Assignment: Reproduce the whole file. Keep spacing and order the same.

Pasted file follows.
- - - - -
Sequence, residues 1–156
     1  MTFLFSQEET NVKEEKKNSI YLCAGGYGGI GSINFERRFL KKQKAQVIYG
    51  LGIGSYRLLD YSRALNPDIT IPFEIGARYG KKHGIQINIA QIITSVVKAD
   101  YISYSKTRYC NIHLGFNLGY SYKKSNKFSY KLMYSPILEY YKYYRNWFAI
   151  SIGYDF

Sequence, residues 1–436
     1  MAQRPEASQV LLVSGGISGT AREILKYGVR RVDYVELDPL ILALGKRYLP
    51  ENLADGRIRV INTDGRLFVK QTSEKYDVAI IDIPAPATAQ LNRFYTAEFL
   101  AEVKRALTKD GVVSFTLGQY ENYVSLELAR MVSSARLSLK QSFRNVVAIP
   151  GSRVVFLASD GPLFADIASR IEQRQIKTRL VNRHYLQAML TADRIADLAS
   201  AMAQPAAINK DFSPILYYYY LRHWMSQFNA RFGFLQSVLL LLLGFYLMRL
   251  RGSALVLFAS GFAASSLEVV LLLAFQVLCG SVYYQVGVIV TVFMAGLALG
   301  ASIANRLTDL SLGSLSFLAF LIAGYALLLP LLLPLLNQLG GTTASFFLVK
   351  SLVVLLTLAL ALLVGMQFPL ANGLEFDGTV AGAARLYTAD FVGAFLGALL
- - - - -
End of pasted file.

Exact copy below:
Sequence, residues 1–156
     1  MTFLFSQEET NVKEEKKNSI YLCAGGYGGI GSINFERRFL KKQKAQVIYG
    51  LGIGSYRLLD YSRALNPDIT IPFEIGARYG KKHGIQINIA QIITSVVKAD
   101  YISYSKTRYC NIHLGFNLGY SYKKSNKFSY KLMYSPILEY YKYYRNWFAI
   151  SIGYDF

Sequence, residues 1–436
     1  MAQRPEASQV LLVSGGISGT AREILKYGVR RVDYVELDPL ILALGKRYLP
    51  ENLADGRIRV INTDGRLFVK QTSEKYDVAI IDIPAPATAQ LNRFYTAEFL
   101  AEVKRALTKD GVVSFTLGQY ENYVSLELAR MVSSARLSLK QSFRNVVAIP
   151  GSRVVFLASD GPLFADIASR IEQRQIKTRL VNRHYLQAML TADRIADLAS
   201  AMAQPAAINK DFSPILYYYY LRHWMSQFNA RFGFLQSVLL LLLGFYLMRL
   251  RGSALVLFAS GFAASSLEVV LLLAFQVLCG SVYYQVGVIV TVFMAGLALG
   301  ASIANRLTDL SLGSLSFLAF LIAGYALLLP LLLPLLNQLG GTTASFFLVK
   351  SLVVLLTLAL ALLVGMQFPL ANGLEFDGTV AGAARLYTAD FVGAFLGALL